Research and teaching in osteology has been a key strength of the Department of Archaeology for over 40 years. Our focus in based on both the detailed knowledge and understanding of primate and human anatomy across time and space, and the importance of situating these in a broader context through archaeological and multidisciplinary study of topics such as funerary practice, palaeoenvironment and palaeoeconomy. Sheffield has a long heritage of contributing to fundamental questions and cutting-edge issues within the field. Past and present staff and students have made significant contributions to the advancement of: methods such as the assessment of age at death in humans and the inference of substance patterns from primate teeth; the study of skeletal remains in their wider context including themes such as health, disease and disability and primate mating strategies; and field work projects across the world. We champion multidisciplinary engagement at all levels, providing teaching in areas such as biomolecular archaeology and evolutionary and human anatomy, alongside fundamental training in subject-specific method and theory.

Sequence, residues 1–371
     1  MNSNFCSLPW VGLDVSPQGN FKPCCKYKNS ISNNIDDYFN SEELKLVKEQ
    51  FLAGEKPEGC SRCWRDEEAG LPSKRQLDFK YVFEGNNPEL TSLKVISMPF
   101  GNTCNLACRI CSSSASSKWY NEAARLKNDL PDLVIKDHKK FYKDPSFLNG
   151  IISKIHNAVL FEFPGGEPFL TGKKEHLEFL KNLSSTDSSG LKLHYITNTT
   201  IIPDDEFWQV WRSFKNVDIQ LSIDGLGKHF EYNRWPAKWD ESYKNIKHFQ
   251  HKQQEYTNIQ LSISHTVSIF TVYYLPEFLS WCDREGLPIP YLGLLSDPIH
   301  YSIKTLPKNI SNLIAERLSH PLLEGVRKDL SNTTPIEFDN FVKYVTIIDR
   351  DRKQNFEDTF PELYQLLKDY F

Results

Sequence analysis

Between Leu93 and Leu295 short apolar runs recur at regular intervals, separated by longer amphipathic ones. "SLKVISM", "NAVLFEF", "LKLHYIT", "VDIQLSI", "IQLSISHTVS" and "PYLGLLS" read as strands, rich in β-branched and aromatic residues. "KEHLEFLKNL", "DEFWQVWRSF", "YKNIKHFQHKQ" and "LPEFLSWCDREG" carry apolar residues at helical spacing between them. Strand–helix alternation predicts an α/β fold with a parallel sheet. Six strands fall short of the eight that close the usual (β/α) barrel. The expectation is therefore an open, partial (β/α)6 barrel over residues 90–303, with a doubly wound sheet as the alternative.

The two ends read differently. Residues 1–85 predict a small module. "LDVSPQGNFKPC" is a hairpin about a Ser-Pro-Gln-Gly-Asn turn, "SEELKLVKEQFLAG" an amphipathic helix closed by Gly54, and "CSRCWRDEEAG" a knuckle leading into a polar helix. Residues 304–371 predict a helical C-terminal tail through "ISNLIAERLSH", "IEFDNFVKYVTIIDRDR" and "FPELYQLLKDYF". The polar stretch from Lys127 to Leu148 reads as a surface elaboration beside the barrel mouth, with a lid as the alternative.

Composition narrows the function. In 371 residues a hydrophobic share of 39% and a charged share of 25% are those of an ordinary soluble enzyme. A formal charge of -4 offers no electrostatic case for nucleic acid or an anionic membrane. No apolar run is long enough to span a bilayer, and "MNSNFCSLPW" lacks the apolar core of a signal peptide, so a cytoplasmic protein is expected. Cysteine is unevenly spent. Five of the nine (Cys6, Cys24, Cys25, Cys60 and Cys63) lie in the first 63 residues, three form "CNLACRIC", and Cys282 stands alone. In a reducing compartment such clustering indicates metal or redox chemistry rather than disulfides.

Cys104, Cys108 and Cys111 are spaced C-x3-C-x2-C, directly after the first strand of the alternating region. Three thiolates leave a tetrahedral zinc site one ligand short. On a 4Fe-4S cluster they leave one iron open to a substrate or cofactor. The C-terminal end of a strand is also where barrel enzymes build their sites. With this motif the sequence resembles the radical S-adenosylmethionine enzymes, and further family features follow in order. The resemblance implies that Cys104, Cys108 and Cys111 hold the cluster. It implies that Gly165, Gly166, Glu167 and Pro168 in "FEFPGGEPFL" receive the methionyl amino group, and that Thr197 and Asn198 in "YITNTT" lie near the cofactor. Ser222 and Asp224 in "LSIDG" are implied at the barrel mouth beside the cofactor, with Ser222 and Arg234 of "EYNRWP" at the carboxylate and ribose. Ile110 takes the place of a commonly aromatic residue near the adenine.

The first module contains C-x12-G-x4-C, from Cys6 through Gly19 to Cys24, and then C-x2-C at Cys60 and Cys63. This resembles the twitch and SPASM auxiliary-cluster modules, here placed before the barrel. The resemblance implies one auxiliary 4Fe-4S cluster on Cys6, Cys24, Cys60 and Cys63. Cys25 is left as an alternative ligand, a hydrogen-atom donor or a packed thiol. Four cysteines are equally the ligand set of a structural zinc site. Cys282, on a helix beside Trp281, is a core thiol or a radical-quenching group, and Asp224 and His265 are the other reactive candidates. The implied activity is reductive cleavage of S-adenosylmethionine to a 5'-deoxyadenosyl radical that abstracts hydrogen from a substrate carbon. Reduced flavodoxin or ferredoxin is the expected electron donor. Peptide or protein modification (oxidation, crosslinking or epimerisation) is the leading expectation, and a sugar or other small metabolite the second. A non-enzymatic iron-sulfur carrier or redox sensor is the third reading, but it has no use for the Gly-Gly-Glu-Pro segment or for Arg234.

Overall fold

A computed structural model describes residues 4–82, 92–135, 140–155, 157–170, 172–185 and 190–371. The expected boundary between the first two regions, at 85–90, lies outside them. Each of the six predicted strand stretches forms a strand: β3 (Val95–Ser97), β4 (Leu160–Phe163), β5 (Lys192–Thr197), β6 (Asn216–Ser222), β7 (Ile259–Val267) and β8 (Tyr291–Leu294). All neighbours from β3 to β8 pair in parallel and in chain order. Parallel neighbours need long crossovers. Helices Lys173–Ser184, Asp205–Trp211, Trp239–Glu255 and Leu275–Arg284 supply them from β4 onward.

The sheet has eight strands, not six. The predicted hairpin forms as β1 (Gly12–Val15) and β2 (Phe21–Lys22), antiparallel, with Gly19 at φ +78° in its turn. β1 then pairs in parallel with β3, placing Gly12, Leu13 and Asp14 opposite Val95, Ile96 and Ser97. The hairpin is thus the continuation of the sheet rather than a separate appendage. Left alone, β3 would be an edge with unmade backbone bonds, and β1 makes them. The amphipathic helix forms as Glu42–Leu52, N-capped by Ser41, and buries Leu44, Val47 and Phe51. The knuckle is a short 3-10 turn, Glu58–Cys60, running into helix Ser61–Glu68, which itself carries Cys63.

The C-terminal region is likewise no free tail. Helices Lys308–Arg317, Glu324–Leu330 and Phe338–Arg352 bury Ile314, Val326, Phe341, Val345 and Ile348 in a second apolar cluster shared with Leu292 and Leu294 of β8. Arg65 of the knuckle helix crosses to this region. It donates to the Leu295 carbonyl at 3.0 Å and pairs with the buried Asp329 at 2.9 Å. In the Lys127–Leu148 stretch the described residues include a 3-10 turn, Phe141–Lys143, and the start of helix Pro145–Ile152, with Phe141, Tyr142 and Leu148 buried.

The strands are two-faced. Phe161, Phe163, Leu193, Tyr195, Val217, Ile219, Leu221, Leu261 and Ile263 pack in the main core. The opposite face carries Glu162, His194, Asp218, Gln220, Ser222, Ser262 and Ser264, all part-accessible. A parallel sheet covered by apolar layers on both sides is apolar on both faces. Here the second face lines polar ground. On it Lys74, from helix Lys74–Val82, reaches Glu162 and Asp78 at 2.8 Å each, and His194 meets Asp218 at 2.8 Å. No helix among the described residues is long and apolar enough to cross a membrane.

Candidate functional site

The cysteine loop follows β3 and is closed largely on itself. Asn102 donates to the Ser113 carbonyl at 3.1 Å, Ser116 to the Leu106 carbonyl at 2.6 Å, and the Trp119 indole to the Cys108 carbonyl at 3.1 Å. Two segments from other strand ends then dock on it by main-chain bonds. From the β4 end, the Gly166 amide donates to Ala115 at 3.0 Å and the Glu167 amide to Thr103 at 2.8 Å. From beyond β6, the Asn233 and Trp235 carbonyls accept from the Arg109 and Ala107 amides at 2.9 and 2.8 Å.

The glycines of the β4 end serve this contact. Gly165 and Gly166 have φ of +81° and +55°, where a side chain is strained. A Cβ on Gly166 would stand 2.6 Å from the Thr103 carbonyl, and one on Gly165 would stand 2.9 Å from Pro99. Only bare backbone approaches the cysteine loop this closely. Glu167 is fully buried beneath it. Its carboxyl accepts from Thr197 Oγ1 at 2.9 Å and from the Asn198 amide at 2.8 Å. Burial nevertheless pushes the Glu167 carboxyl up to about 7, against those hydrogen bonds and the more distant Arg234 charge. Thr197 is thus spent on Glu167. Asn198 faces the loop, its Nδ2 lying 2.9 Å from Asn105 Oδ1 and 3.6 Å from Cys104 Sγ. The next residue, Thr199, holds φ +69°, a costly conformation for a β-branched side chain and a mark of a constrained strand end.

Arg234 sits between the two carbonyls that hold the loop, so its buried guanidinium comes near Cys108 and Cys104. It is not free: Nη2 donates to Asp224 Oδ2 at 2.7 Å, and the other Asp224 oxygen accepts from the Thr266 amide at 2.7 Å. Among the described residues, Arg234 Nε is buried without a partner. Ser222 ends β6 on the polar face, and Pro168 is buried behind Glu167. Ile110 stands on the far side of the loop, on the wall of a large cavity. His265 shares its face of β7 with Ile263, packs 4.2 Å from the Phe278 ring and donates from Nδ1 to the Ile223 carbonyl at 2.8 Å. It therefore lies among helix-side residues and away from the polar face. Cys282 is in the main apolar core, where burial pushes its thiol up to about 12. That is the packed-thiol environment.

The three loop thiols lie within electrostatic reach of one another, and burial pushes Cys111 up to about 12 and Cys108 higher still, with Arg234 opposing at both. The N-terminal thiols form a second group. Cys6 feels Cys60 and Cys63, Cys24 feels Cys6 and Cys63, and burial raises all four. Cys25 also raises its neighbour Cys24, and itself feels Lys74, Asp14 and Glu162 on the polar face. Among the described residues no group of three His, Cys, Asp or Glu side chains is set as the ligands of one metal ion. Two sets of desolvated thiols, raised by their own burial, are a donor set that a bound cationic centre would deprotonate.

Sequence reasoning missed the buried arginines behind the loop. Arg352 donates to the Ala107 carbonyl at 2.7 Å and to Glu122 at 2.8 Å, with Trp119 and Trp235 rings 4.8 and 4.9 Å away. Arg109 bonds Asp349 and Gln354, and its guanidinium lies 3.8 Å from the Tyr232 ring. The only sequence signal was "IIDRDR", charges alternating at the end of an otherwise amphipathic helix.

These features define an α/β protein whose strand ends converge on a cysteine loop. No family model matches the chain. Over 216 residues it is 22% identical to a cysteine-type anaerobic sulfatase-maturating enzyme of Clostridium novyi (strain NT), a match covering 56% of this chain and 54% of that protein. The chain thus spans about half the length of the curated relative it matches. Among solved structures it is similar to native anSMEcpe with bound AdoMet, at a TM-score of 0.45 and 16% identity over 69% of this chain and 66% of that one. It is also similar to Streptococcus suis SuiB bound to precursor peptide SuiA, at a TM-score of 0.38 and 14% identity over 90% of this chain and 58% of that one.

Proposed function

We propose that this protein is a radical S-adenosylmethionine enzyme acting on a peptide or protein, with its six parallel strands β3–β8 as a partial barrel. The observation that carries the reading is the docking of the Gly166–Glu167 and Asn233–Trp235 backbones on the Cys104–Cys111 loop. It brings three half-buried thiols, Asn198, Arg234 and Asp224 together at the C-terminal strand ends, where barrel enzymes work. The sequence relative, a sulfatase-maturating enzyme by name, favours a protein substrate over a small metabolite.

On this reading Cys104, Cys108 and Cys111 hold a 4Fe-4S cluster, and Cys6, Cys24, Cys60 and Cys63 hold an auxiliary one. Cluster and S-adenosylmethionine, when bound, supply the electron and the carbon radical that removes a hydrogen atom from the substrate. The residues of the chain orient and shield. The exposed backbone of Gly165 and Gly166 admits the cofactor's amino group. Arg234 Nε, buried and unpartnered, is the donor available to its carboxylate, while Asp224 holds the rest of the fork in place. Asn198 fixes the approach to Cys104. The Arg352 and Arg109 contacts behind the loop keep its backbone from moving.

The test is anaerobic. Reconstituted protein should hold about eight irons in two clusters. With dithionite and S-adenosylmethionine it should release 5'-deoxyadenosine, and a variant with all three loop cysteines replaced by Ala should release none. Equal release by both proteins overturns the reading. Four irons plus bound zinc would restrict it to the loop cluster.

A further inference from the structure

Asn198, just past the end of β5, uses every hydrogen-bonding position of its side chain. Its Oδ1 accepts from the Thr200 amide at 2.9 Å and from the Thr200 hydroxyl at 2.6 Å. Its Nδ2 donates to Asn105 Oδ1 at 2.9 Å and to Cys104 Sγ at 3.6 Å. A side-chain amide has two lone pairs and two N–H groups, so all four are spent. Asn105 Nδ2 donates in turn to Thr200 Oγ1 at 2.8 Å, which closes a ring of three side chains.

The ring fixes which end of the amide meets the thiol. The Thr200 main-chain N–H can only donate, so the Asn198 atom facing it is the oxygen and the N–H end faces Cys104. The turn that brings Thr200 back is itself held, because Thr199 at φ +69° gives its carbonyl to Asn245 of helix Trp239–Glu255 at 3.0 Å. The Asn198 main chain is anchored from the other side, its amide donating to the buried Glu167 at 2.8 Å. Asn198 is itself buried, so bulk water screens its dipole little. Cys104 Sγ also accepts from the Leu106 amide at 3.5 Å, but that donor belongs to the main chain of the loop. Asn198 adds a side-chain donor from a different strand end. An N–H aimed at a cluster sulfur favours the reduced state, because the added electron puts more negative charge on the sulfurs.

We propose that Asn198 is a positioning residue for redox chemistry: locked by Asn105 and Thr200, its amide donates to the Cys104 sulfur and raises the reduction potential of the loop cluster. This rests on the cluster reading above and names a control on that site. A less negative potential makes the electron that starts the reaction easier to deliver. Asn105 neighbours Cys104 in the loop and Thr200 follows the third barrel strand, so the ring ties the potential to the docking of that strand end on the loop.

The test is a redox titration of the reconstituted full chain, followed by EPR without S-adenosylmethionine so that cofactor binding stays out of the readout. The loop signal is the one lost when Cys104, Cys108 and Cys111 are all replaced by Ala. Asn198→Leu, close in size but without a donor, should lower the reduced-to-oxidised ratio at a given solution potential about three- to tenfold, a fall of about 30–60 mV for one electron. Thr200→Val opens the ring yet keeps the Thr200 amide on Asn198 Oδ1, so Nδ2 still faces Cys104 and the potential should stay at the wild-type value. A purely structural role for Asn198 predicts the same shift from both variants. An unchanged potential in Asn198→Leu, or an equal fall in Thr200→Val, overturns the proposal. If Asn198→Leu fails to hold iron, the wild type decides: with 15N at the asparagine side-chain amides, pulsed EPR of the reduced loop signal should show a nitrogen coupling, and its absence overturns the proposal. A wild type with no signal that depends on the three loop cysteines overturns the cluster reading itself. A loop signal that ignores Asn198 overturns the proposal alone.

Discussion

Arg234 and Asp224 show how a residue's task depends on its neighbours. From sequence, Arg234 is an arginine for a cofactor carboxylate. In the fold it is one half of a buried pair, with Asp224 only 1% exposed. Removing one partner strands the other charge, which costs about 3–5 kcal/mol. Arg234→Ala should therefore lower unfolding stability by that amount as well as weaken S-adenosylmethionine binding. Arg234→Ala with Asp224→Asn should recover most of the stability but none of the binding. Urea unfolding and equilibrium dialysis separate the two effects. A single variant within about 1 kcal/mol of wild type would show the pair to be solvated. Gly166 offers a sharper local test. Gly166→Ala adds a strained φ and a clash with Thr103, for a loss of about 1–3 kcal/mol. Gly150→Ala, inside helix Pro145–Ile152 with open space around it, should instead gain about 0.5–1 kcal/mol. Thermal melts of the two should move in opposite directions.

Our current staff specialise in the analysis of all major forms of biological anthropological evidence: modern primates, extinct hominins, anatomically modern humans up to the present day and animals, both ancient and modern. In particular, we provide teaching as part of undergraduate modules People, Plants and Animals (2nd year), Introduction to Biological Anthropology (3rd year), and the MSc programmes in Human Osteology and Funerary Archaeology, Osteoarchaeology and Palaeoanthropology.
The department benefits from four dedicated lab facilities specific to the teaching of primate or human skeletal analysis including both lecture/practical spaces and research areas. On site, we also have a cutting-edge imaging suite (complete with photographic and X-ray equipment, and 3D scanning facilities), wet labs and a dedicated histology lab, plus facilities for human dissection via collaboration with the Faculty of Science.
We benefit from significant research collections for primatology and human osteology, many of which derive from Sheffield-based field projects over the past decade, and a close collaboration with the Zooarchaeology Lab facilities and staff. These facilities are available to all student and staff whether as part of our taught courses, research degrees or on-going research projects. We are also happy to receive requests for access from external researchers.